We’ve all grown up with our own favorite superheroes. Maybe you spent endless hours curled up with the comic books of Wonder Woman, or secretly imagined what it would be like to defy the city skies as Spider-Man. But even if you’re not familiar with superhero comic books, it’s hard to miss their adventures on the big screen these days.
In this series, Wtnschp is creating a ‘Marvel/DC Universe’ of its own. Like most superheroes, VUB scientists are just ordinary people using their smarts and talents to do good in the world. And just like Batman is inextricably linked to his Batmobile, or Iron Man to his high-tech suit, our researchers have their own supergadgets. With the help of FWO funding, 8 VUB research groups have acquired some new high-tech equipment that will blow your mind. First up is research group NAVI with their beloved ‘Seahorse’.
Our team is part of the research group Neuro-Aging & Viro-Immunotherapy or NAVI, at the faculty of Medicine and Pharmacy. Besides group leader Ann Massie, we have postdoc Gamze Ates, five PhD students and our technician Frank. And we’re always looking for new recruits … We all have one focus: xCT. That’s why we often call ourselves the ‘xCT team’! Our group has been studying xCT for almost 20 years and is still very exCiTed about it.
xCT is a protein that is present in our brain, in the cells of our immune system and on cancer cells. We showed that not having this protein is protective in mouse models for Parkinson’s disease and epilepsy. It can also be beneficial during aging. The latter observation is extremely relevant in an ever-aging society.
To understand why all this happens, we decided to have a deeper look at the ‘energy metabolism’ of cells when xCT is removed.
MEET SUPERVILLAIN xCT
Every cell has two engines that produce energy. Of course, these engines need fuel. A cell that can swiftly and efficiently switch from one engine or one fuel to another, is a cell that has the best chances to survive in changing conditions. Just like a hybrid car can switch to gas when it’s out of electricity, cells can switch fuel in case of fuel shortage or engine failure.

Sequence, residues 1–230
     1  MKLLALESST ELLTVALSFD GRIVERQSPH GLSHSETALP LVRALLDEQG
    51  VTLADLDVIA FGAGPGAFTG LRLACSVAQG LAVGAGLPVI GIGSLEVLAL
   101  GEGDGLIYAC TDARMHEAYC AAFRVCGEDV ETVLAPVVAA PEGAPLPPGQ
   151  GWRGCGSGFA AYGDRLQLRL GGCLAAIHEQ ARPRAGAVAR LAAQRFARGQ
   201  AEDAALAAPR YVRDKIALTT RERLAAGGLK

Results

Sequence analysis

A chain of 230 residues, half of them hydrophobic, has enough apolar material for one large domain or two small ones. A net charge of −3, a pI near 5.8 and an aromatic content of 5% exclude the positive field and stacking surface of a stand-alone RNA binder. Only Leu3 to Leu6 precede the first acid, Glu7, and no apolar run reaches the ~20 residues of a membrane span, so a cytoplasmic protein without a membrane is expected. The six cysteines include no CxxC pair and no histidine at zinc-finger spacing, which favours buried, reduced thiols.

Brain cells need a lot of energy and when we age, cells have to deal with a scarcity of glucose, their most preferred fuel. If we can ensure that cells have sufficient alternative fuel sources and that they can successfully switch over to a different type of fuel, we can maybe promote healthy aging and prevent memory loss.
You could consider xCT as the ‘supervillain’ in this story since it removes glutamate – one of these alternative fuels – from our cells! That’s why we believe that shutting down xCT might be beneficial for our brain cells.
” Cells that can efficiently switch from one engine or fuel to another, have the best chances to survive. “
Our new supergadget, the Seahorse, will help us to investigate this. It measures the energy production in cells and gives an indication on the importance of the different engines in this process. It also allows us to study how efficiently a cell can keep producing energy when it promptly needs to switch from one fuel to another, or from one engine to another.
This is not only important in brain cells and during the aging process, but can also be important in cancer cells, immune cells that become activated, etc. After all, every cell needs energy to survive and dysfunctional engines are a common characteristic of many diseases. This is why the purchase of this equipment is supported by researchers working in the field of immunology, cancer, toxicology, aging, etc.